Marvel Mystery Monday: Davey and the Demon and the Prince of Good

Sorry, I’ve been busy with a road trip to the Grand Canyon and freelance work, but I’m working on a big MMM project. More info soon.

In the tradition of Tommy Tyme and Jimmy Jupiter and other alliterative boy heroes, we take a moment back into the Golden Age of comics to visit Davey Drew, orphan demon summoner.

Davey and his unnamed Demon fought for four issues straight in perhaps the most one-sided extended battle in comicdom. Despite Davey’s valiant efforts to keep humanity safe, he’s long been forgotten by the Marvel Universe.

And now… read on … if you dare!


Publisher Martin Goodman had a big success in the anthology title Marvel Mystery Comics. As a result, for the first few years Timely would produce a new book with several new heroes every month. Daring Mystery Comics and USA Comics each included new heroes, although some were reminiscent of prior successes (Dymanic Man was a new take on the Human Torch, the Defender was basically Captain America in a different costume).

Davey, appearing in 1941’s Mystic Comics #7 through 10, was a bit different however. His adventures really don’t feel like those of other super-heroes, and in fact Davey isn’t much of a hero on the surface. The creation of artist Howard James was just a normal runaway orphan who accidentally unleashed a demon on the world. Rather than run and hide, he took it upon himself to follow the Demon from state to state in a relentless battle to stop him.

He didn’t even need a kindly old uncle to tell him, he knew what his responsibilities were.

The story:

When we first meet Davey Drew (no relation) he’s running away from the orphan asylum because he couldn’t handle the structure and rules of the place. Running to an abandoned house he’d been told to stay away from, Davey finds a cave with a stone wall and a voice, calling from the darkness:

“HELP ME, help me! I’m imprisoned behind this wall — you can save me by hitting the black bottom stone three times with your left foot!”

Of course, anything on the left is considered sinister in old superstitions, and black stuff too for that matter, but Davey didn’t know that, so being a Good Samaritan he did as asked, and was shocked to see a 20-foot-tall demon (calling himself the Demon) who had been trapped “by a magician in the days before time began.” Ignoring Davey’s protestations, the Demon thanks him for releasing him and gives him a cape that will never allow the Demon to harm him.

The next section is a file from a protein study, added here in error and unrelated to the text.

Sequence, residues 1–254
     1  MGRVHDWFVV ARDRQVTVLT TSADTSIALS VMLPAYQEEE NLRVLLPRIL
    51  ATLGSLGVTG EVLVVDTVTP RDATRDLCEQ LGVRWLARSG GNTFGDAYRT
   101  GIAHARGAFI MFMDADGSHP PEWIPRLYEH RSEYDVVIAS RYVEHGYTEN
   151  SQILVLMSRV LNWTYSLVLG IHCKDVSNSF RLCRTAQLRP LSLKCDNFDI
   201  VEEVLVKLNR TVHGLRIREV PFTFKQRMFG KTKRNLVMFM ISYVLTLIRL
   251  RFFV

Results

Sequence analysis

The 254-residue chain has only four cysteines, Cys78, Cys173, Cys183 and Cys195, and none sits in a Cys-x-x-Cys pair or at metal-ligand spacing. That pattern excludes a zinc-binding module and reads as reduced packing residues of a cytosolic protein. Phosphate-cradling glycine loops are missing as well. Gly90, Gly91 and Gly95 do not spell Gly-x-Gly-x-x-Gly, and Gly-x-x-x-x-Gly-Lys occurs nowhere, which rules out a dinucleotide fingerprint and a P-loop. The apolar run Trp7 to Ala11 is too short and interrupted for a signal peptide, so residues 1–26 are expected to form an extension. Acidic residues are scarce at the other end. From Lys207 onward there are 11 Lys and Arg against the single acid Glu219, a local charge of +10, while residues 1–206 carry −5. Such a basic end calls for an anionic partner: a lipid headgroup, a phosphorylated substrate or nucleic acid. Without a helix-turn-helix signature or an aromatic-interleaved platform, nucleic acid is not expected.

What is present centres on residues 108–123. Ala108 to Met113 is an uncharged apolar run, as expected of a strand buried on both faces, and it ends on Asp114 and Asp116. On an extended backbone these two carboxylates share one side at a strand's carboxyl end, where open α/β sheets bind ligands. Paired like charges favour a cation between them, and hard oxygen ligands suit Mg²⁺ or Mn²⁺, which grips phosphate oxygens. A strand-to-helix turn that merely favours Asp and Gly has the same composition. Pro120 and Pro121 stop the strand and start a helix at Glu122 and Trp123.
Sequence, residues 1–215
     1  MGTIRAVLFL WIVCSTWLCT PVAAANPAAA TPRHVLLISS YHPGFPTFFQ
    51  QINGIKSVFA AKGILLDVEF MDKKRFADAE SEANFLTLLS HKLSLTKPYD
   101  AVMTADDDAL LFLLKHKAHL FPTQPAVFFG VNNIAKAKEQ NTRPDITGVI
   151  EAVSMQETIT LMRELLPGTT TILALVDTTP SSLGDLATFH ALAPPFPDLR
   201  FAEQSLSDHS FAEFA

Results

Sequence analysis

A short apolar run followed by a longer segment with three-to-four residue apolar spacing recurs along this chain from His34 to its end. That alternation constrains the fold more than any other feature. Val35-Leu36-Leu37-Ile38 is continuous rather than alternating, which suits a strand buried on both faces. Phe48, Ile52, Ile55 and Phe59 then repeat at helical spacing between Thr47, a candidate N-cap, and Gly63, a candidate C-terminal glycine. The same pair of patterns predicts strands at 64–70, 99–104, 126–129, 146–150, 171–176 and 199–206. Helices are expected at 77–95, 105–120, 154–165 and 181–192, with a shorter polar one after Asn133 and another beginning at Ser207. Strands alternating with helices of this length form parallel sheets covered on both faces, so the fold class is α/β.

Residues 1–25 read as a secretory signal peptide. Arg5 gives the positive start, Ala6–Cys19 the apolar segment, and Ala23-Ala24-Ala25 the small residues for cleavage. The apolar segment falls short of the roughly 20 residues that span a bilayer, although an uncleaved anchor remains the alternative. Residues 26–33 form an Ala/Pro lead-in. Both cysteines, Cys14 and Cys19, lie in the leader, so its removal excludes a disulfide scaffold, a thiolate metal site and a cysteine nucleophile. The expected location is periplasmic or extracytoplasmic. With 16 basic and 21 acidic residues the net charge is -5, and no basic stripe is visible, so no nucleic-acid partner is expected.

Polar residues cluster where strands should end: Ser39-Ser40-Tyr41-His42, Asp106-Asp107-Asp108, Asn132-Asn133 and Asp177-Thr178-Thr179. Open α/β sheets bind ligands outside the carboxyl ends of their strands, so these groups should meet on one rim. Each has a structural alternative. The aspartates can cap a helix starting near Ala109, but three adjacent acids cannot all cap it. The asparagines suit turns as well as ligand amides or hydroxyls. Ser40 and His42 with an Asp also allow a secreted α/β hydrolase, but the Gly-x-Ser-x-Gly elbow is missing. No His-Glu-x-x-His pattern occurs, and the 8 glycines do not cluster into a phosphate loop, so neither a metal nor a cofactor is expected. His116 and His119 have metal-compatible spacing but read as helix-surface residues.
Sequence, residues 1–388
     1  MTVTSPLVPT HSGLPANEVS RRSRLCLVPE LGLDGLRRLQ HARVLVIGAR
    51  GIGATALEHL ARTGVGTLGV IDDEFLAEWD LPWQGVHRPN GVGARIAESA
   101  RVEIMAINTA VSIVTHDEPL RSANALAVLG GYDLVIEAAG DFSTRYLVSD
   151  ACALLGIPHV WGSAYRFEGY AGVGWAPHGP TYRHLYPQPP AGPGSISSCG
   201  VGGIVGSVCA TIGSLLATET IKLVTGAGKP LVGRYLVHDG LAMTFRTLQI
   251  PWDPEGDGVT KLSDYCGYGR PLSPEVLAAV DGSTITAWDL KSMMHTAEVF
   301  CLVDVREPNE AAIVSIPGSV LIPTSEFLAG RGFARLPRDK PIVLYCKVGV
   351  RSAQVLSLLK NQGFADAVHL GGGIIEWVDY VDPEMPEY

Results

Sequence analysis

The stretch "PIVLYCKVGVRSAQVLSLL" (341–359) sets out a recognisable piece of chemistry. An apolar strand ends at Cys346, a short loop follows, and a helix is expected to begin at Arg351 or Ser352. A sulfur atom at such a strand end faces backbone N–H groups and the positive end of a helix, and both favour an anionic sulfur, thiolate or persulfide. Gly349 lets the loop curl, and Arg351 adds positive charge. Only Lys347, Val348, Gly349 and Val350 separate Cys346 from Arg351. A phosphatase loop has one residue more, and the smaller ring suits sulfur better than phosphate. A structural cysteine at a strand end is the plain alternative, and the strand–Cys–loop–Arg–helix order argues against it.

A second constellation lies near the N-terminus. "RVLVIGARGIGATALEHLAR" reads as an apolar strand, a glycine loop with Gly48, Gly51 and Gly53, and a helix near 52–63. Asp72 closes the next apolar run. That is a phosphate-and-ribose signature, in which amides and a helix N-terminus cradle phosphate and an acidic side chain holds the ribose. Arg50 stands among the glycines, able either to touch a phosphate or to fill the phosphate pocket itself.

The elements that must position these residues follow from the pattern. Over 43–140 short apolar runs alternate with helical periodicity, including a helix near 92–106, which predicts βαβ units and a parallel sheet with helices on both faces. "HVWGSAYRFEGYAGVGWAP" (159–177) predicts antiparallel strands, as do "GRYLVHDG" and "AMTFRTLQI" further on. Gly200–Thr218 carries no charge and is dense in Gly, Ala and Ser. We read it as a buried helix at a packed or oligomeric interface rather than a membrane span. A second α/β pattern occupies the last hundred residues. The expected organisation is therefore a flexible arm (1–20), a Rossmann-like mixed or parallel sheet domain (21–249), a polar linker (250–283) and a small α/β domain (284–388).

The Demon is shocked by how much progress is made and hurt (albeit not permanently) by bullets, but even the military is no match for the beast. Davey jumps in to stop the monster, and while his punches have no effect on him, every time the Demon tries to hurt him he is thrown back by a powerful shock of energy. Each time he is frustrated, the demon moves on, followed relentlessly by Davey.

The boy is shocked by the trail of destroyed buildings and injured people, and can do nothing when captured by the Demon (who was careful not to touch him directly) when the ancient magician returns: the Prince of Good!

The Prince of Good was likewise 20 feet tall and similarly powerful and durable, but he would appear and disappear at a moment’s notice, often calling on the normal-sized Davey to give him directions. Each time the Prince appeared, the Demon would be defeated, but every time, the Demon secretly escaped to cause destruction again.

In the final confrontation between Davey and the Demon, the Prince was no where to be seen (perhaps because the battle took place in the Grand Canyon, far from any innocent bystanders). Davey took a plane (no explanation of how he afforded the ticket) to find the Demon in the highlands of Arizona and lured the beast into a hidden cavern lit by strangely glowing stalactites. The Demon accidentally knocked down a wall during their subterranean battle, causing the Colorado River to rush in and drown him.

Davey hoped that would be the last he saw of his foe.


Davey had no powers, save for his incredible courage and the cape given to him by the demon. Since the Demon described himself as “the embodiment of all evil on Earth,” it could be extrapolated that the cape protects Davey from all evil – as long as the evil being is directly trying to hurt him.

The Demon can lift dozens (possibly hundreds) of tons and can survive great falls, bullets and being buried alive, although he does feel pain.

The Prince of Good has similar powers, but he can teleport in and out when he feels he is needed. Both the Prince and Demon are immortal.

Why hasn’t the character shown up again?

Quite simply, Davey and the Demon aren’t typical characters for a super-hero dominated industry, and like many of Timely’s also-rans, they just got overlooked.

How could the character be brought back?

Jess Nevins suggested repackaging Davey and his Demon into something more like Stanley and his Monster or Johnny Thunder and Thunderbolt. Of course, the Demon is a lot less friendly than Spot and not as compliant as Thunderbolt, but therein lies the story.

Any wartime stories could certainly tie in the Nazis, as the Demon would gladly join any enemies of America if he thought they would help him fight the Prince (with his ultimate goal being the destruction of humanity, of course).

In the modern era, the Demon and the Prince could be tied to existing races. They could be a demon and angel respectively, or a Deviant and Eternal, or even djinns!


  1. Sorry about that,but I accidentally put my comment on DAVEY AND THE DEMON on TOMMY TYME’s site( go there to read it ).

  2. Up to a point the Origin of DAVEY DREW and the DEMON is similar to that of DOCTOR FATE( Kent Nelson ) and NABU THE WISE[ ]. If KENT NELSON had freed WOTAN instead of NABU they would be identical. Plus the PRINCE OF GOOD takes either NABU’s or DOCTOR FATE’s place in DAVEY DREW’s life.

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